Books, Prehistory, Archaeologia Cambrensis 1820

Archaeologia Cambrensis 1820 is in Archaeologia Cambrensis.

Books, Prehistory, Archaeologia Cambrensis 1820 Page 464


Some Memoranda of the Civil War in North Wales, written at the time, by Mr. Wm. Maurice, of Llan-Silin, extracted from the Wynnstay Manuscripts.


Nov. 29. "The Parlm burnt Mathavarn, in Mountg, and made that part of the country conformable to the rest.


Aug. 2,—"The Montgomeryshire forces invaded Meirionyddshyre, and lay for a time at Dolgelle. The same day the King's forces burnt Ynys y Maengwyn lest the Parlm should find any harbour there.

"The same day E. V. fortified a new garrison1 at Aber Marchand.

Note 1. The house, then fortified, is still called by the name of Y Garris; it is in the parish of Llanwdddyn, opposite Cynon isa.

Aug. 21. "The Montgom forces invaded again Meirionyddshyre, and lay for a week at Bala, until they were driven out of the country by Sir John Owen and the North Wales men.

"In this voyage the Parlm burnt Caer Gai1.

Note 1. Caer Gai, supposed to have been a Roman station, was at this time the seat of Rowland Vychan, Esq. a staunch loyalist, who suffered much in the royal cause.—See Camero-Briton, No. 6, p. 231, Note.—Ed.

Sept. 21. "The King (age 44) passed through Mountgomeryshyre, and lay that night at Llan Fyllin. The next day, the 22d Sept., the King (age 44) marched from Llan Fyllin by Brithdir, where he dined? and gave proclamation among his souldiers, that they should not plunder any thing in Denbyshire, and thence through Mochnant to Cevn hir Fynydd, and so along the tops of the mountains to Chirk Castle [Map]. The rest of the forces marched to Llan-Silin. The next day after, being Tuesday, the King advanced towards Chester.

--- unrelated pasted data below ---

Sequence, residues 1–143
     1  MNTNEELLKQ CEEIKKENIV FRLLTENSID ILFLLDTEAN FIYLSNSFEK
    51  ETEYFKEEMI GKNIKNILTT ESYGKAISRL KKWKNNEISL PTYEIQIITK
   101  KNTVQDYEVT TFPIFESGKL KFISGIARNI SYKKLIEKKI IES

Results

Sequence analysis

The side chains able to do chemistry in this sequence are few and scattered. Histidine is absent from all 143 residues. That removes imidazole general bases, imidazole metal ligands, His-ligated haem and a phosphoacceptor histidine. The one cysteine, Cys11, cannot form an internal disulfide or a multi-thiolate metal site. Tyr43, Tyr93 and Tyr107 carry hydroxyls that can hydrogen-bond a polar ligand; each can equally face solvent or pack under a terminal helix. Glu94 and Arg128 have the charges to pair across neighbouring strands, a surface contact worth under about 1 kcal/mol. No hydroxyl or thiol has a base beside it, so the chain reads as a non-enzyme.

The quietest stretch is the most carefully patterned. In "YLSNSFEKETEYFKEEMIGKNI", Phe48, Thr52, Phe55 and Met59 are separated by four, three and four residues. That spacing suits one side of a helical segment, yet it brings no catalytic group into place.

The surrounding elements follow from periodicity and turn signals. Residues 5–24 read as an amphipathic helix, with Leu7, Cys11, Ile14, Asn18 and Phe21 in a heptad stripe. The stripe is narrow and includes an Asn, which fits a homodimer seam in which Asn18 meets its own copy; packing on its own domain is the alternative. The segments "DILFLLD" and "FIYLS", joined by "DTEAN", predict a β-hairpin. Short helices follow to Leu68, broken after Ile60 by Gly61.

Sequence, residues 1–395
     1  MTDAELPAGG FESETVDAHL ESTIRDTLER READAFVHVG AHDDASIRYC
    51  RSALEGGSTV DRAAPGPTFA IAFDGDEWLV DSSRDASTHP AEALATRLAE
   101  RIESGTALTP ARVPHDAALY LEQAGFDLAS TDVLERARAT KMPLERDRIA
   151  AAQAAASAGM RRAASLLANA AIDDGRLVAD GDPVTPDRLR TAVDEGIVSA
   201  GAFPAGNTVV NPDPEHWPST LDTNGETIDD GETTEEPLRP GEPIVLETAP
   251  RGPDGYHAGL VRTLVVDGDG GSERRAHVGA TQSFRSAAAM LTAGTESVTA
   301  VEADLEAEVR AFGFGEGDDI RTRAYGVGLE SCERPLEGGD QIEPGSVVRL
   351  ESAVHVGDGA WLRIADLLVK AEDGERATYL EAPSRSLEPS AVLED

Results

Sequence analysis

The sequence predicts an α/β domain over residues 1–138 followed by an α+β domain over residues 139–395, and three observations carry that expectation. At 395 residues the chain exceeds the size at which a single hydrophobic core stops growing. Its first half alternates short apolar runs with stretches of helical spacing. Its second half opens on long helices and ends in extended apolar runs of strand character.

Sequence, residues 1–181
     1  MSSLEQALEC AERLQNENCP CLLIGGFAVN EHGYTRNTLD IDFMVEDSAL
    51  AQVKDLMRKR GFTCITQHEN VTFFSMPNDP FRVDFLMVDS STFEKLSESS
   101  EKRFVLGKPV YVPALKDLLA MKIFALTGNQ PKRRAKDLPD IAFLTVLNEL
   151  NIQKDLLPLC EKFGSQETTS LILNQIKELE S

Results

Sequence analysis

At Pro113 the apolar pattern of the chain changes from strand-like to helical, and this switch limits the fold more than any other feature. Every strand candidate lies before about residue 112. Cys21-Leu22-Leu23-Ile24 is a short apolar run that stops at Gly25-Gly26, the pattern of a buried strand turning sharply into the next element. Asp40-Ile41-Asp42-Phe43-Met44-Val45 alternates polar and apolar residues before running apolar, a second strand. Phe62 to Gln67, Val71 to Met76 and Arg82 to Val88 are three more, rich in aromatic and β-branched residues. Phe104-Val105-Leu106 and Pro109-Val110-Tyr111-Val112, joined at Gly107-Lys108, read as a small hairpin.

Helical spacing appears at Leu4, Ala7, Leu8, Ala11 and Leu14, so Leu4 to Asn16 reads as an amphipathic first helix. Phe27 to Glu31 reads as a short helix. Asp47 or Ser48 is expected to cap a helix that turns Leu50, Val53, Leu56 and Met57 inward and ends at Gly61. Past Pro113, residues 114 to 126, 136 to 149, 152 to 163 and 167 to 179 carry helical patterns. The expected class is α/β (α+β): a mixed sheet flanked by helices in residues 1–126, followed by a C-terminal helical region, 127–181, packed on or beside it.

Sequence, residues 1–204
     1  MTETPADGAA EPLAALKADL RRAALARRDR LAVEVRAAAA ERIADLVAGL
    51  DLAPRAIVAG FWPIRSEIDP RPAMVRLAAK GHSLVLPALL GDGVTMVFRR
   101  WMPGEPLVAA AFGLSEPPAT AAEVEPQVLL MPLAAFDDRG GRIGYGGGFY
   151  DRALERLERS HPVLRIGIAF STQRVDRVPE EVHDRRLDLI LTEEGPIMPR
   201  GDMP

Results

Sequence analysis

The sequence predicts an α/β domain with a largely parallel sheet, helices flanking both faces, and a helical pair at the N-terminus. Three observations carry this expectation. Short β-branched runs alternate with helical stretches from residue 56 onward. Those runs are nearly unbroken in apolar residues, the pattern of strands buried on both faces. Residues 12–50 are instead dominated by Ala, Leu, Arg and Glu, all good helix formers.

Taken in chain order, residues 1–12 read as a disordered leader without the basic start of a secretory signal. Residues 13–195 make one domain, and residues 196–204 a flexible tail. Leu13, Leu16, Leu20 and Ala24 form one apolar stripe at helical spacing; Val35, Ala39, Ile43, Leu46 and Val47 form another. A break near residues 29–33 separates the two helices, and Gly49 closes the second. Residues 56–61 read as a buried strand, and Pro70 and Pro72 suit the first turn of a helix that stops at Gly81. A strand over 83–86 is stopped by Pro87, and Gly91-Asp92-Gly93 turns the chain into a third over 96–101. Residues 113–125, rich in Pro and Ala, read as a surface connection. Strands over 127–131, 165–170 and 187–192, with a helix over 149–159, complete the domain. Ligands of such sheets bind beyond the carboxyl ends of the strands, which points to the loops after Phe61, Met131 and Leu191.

Sept. 24. "Being Wednesday, the King's forces were routed by the Parlm army in a place called Rowton Moor.

"From Chester the King retreated to Denbigh Castle, and, having layed there two or three nights, retourned to Chirk Castle [Map]. The next morning, viz. 29th, he advanced from thence with his army through Llan-Silin, and quartered that night in Halchdyn1 and so passed through Mountgomeryshyre towards Ludlow.

Note 1. Halchdyn is in Deuddwr, between the rivers Havren and Vyrnwy, aad near Llandrinio. The name of the place has been anglicised into Haughton.